U.S. Refugee Assistance Faces Huge Funding Shortfall
Published on July 26, 2012
Written by: Una Moore
Proposed drastic cuts to refugee assistance funding, if approved by Congress, will imperil support for tens of thousands refugees due to be resettled in the United States during the coming fiscal year. That’s very bad news for people escaping persecution and war in countries such as Afghanistan, Burma, the Democratic Republic of Congo, Eritrea and Iraq.
Refugee resettlement organizations are understandably alarmed. According to most recent online action appeal by the U.S. Committee for Refugees and Immigrants:
The Appropriations Subcommittee on Labor, Health and Human Services (LHHS) introduced a bill that will provide $658 million for ORR, $112 million less than the current fiscal year and $147 million less than the funding requested in the President’s budget. Cuts to the Office of Refugee Resettlement, which has been historically underfunded, will have a devastating effect on refugees, Afghan and Iraqi Special Immigrant Visa recipients, victims of torture and trafficking, unaccompanied immigrant children and other vulnerable populations, as well as communities across the country that welcome these populations.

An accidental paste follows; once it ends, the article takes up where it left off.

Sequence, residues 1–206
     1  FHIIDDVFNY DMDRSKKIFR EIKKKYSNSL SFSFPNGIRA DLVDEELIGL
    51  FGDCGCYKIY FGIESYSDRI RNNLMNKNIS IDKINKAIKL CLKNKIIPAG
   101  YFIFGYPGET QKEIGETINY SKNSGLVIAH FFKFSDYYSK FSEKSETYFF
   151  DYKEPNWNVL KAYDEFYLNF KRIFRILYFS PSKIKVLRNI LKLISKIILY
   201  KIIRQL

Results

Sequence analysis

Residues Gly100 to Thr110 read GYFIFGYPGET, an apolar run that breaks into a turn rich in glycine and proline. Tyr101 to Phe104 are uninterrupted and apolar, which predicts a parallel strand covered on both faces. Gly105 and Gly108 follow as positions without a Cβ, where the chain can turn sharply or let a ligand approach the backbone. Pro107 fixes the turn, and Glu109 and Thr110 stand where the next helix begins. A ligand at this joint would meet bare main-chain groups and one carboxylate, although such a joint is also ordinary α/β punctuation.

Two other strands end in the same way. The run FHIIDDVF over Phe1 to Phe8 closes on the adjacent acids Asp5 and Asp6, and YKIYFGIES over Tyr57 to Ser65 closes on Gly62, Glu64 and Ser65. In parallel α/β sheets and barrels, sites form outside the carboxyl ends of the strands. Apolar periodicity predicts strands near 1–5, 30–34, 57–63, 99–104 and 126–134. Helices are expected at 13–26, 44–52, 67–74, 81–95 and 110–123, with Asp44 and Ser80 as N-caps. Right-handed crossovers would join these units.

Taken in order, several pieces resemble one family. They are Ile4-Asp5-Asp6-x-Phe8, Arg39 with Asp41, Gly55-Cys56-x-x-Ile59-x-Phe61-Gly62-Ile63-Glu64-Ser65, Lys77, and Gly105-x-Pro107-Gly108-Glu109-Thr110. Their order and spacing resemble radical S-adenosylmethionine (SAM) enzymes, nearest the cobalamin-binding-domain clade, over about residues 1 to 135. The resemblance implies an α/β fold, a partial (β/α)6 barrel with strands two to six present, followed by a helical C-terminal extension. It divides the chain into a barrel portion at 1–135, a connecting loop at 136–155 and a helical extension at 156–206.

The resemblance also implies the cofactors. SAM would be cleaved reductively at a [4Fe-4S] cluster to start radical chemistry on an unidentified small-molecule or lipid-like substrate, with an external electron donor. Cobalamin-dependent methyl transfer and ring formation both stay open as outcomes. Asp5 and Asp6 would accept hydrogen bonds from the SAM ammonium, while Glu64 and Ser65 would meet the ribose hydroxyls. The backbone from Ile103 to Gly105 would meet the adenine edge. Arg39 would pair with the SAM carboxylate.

Last year, the U.S. resettled more than 56,000 refugees from twenty different countries through the United States Refugee Resettlement Program. The actual work of assisting these newcomers is carried out by nine organizations contracted by the Department of Health and Human Services’ Office of Refugee Resettlement.
Resettlement field offices, largely located in America’s poorest cities, have endured years of crisis-level funding shortfalls and staffing shortages, with no relief in sight. These deficiencies mean that, as is, many refugees receive only the bare minimum of support following their arrival in the United States, leaving unmet pressing needs like mental health care and extended case management for refugees with disabilities.
And local non-profits simply aren’t able to fill all of the gaps, especially now, with many small organizations struggling to survive on dwindling donations and facing stiff competition for scarce foundation dollars. If the proposed 2013 cuts go through, refugees will face an even rougher start to life in America than they do now.